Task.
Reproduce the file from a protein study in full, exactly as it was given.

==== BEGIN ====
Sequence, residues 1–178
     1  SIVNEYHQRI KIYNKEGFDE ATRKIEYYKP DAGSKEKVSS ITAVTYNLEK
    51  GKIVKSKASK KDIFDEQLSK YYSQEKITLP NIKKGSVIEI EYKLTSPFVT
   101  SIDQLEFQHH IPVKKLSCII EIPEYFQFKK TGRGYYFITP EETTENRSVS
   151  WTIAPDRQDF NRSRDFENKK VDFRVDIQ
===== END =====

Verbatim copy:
Sequence, residues 1–178
     1  SIVNEYHQRI KIYNKEGFDE ATRKIEYYKP DAGSKEKVSS ITAVTYNLEK
    51  GKIVKSKASK KDIFDEQLSK YYSQEKITLP NIKKGSVIEI EYKLTSPFVT
   101  SIDQLEFQHH IPVKKLSCII EIPEYFQFKK TGRGYYFITP EETTENRSVS
   151  WTIAPDRQDF NRSRDFENKK VDFRVDIQ